Although Warner Bros. had approached the makers of an Emmy-winning documentary film, Ashes to Glory: The Tragedy . . . [more]

Posted in: Substantive Law

House of Lords, Shari’a Law and the Grant of Asylum

The House of Lords has just released a judgment, Em (Lebanon) (Fc) (Fc) v. Secretary of State For The Home Department [2008] UKHL 64, of some interest.

A mother and her seven-year-old son from Lebanon sought asylum in the U.K., claiming a right to remain under article 8 of the European Convention on Human Rights read in conjunction with article 14. She had been granted a divorce from her husband in Lebanon and had actual custody of their child; when the boy would turn seven, Shari’a law would automatically pass all custody, legal and actual, to the father; . . . [more]

Posted in: Substantive Law, Substantive Law: Foreign Law, Substantive Law: Judicial Decisions

SCC to Rule on Whether Licences Are “property”

Tomorrow morning, the Supreme Court of Canada will, finally, release its judgment in Saulnier v. Royal Bank of Canada. The case concerns whether a government-issued licence – in this case, a fishing licence – can be treated as a form of intangible “property” for purposes of the Personal Property Security Act and the Bankruptcy and Insolvency Act.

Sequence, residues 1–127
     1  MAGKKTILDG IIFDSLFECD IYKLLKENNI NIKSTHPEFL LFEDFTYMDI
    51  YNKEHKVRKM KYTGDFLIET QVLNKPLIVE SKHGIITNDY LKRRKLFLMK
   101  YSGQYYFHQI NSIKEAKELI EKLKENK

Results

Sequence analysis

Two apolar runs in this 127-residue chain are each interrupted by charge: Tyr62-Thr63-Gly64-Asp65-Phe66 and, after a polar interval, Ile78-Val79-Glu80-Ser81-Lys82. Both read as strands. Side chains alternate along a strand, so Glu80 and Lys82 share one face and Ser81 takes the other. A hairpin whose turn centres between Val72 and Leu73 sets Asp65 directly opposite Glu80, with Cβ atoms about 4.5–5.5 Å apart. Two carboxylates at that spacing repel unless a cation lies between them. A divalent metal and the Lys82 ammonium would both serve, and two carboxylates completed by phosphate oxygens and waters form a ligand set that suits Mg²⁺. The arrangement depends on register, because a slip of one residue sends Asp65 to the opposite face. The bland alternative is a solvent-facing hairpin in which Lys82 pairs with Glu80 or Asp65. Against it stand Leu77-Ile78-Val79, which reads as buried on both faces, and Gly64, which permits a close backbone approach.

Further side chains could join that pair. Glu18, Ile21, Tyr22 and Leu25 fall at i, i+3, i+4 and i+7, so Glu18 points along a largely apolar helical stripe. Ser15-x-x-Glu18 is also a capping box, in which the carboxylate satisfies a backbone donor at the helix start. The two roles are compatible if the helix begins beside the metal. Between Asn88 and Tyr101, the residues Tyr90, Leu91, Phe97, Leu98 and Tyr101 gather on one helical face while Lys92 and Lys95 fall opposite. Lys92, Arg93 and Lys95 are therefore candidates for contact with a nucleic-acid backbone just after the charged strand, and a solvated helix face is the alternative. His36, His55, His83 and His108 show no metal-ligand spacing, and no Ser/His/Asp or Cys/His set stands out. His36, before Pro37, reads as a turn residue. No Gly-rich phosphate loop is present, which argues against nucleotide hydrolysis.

This case has the potential to be quite significant. The traditional common law position, represented by cases such as National Trust v. Bouckhuyt (1987), 61 O.R. (2d) 640 (C.A.), was that a discretionary licence issued by a government body grants a mere . . . [more]

Posted in: Substantive Law, Substantive Law: Judicial Decisions

Google Sued for Placing Ads With Typosquatters

Benjamin Edelman, who teaches marketing in the Harvard School of Business, has initiated a class action against Google on behalf of trademark owners whose marks have been infringed by typosquatters. (See the story on Arstechnica.) Typosquatting is the practice of registering domain names that approximate the names of real companies’ websites in the hope of obtaining advantage from internet users who arrive there by mistyping (e.g. http://goggle.com/). Edelman claims that Google places ads on these fraudulent sites and benefits from revenue generated when a user clicks into the sites by mistake. Given the number of such pseudo-sites, Edelman . . . [more]

Posted in: Substantive Law, Technology, Technology: Internet

Seizing Domain Names

A court in Kentucky has (ex parte) made an in rem judgment ordering the seizure of 141 domain names because, the court determined, they are “gambling devices” or “gambling records” under Kentucky legislation. Domain names, said the court, “are virtual keys for entering and creating virtual casinos from the desktop of a resident in Kentucky.”